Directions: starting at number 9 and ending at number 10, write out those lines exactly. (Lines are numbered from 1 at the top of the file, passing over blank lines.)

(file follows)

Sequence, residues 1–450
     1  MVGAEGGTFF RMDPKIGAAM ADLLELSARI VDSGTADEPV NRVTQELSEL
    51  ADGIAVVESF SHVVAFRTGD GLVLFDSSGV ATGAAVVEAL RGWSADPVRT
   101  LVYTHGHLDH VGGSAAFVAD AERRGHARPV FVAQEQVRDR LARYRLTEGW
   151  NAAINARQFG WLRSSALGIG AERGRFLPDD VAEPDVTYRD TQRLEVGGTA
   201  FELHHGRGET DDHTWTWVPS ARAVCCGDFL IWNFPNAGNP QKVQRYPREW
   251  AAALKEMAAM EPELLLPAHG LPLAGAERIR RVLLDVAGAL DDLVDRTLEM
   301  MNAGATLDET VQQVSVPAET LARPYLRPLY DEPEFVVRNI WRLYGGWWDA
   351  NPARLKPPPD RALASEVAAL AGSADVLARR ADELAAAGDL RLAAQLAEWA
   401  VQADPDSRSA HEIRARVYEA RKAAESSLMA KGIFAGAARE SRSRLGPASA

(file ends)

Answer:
   351  NPARLKPPPD RALASEVAAL AGSADVLARR ADELAAAGDL RLAAQLAEWA
   401  VQADPDSRSA HEIRARVYEA RKAAESSLMA KGIFAGAARE SRSRLGPASA